During the first three months of the year, income from subscriptions grew strongly by 19.3% however this failed to offset significant declines in recruitment and display advertising, which fell by 22.5% and 12.8% respectively in Q1 2020.
Just over half (53%) of publishers reported revenue growth in Q1 2020, the same proportion that did so in Q4 2019. 29% of publishers citied rises in excess of 25% year-on-year, up from 24% that reported this level of growth in the previous quarter.
On a 12-month rolling basis, subscriptions and miscellaneous revenues performed strongly, growing by 18.8% and 25.9% respectively, while online video revenue grew by 10.7% and sponsorship experienced a slight increase of 3.2%. Growth in these areas however failed to offset the substantial reduction in revenue from display advertising formats — down by 17.1% year-on-year, amounting to a £41.2m decrease. Overall, digital revenue fell by 4.0% on a 12-month rolling basis.
B2B revenue remained flat in the year to March 2020, falling by 0.1% to £80.2m. Despite downturns across multiple revenue segments, balance was maintained by increases in sponsorship (10.9%), online video (10.6%) and subscription (2.3%) income. In contrast, significant growth for B2C subscription (32.7%) revenues failed to offset other categories, with total B2C revenues declining by 2.6% between March 2019 and March 2020 to £395.4m.
A survey of AOP board members (fieldwork in May-June) on the year ahead found an increase in optimism among publishers since the previous quarter (fieldwork February-March). However, most publishers remain pessimistic about the industry and the impact of COVID-19. Publisher confidence in the financial prospects of their own companies rebounded more strongly than their confidence in the industry as a whole.
A growing number of AOP board members are prioritising non-advertising revenue growth and cost reduction strategies. According to the DPRI, 89% of publishers cited non-advertising revenue growth as a high priority for the next 12 months, up from 78% who said the same in Q2 2019. Meanwhile, 78% of publishers identified cost reduction as a high priority for the next 12 months, up from 44% who were focussing on this area in Q2 2019.
None of the publishers surveyed reported seeing expansion by acquisition as a strategic priority over the next 12 months, reflecting their need to focus on existing business operations.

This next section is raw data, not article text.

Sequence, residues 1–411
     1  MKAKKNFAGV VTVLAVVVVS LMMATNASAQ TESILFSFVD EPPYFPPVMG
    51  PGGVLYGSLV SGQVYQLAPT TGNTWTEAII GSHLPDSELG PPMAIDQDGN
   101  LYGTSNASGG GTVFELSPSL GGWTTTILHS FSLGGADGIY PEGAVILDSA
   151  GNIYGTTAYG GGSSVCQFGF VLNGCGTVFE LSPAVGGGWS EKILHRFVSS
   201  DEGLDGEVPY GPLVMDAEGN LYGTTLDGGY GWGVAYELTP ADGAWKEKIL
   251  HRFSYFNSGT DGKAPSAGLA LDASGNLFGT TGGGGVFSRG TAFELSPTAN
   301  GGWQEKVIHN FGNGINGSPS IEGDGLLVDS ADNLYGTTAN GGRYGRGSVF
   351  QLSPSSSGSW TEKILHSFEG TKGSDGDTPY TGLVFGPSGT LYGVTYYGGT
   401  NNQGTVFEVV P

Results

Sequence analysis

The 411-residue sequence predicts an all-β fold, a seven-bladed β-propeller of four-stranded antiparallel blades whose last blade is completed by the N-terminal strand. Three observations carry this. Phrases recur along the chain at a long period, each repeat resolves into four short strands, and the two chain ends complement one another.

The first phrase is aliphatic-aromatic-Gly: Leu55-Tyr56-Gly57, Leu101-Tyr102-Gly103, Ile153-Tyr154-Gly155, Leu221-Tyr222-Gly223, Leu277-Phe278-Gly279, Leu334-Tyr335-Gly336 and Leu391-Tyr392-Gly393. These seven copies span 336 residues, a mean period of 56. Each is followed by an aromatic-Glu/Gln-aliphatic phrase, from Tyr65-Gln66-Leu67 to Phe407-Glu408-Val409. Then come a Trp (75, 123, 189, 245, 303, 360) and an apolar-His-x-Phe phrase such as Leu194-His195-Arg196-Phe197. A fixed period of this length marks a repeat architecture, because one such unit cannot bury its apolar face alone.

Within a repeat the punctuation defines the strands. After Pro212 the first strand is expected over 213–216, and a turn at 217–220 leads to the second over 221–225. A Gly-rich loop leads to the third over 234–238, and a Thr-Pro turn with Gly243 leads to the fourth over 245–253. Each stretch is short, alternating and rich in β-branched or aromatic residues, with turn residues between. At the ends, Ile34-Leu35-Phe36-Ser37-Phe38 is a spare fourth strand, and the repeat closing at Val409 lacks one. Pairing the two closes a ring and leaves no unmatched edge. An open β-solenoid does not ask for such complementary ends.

Richard Reeves, Managing Director, AOP, commented: “After a turbulent 2019, the latest DPRI data demonstrates the challenges to revenue in early 2020 wasn’t as severe as had been expected. While COVID-19 disruption will inevitably impact revenues as we move through the year, the overall decline in Q1 2020 was relatively slight with multiple areas of growth. Subscriptions in particular were already playing an increasingly essential role in the monetisation of online content and look set to become even more vital as publishers adapt to the new landscape. Ten years ago, display advertising made up 58% of digital publisher revenue and subscriptions only 7%. Subscriptions now account for 22% of total revenue; with display advertising having shrunk to 42%. As income from display continues to decline, the shift towards subscriptions and other diverse revenue sources is only set to grow, accelerated in part by the pandemic. The publishers that adapt to this change will be the ones that have the most to gain when the storm passes.”
Dan Ison, Lead Partner for Telecommunications, Media and Entertainment at Deloitte, commented: “Even before the impact of COVID-19 was felt publishers were taking significant strides to offset the impact of a prolonged decline in display advertising revenue, with nine out of 10 leaders prioritising other areas for growth. Over the past decade, the industry has worked creatively to diversify, building strong teams in subscription, online content, sponsorship and more. To withstand pressures of the pandemic, this diversification should provide publishers with the flexibility to launch new methods for content creation and delivery, enabling them to reach new audiences and stay ahead of the competition. Purse strings may be tight, but sustained growth in subscriptions, up by 19% year-on-year, demonstrates that consumers are ready and willing to invest in quality content.”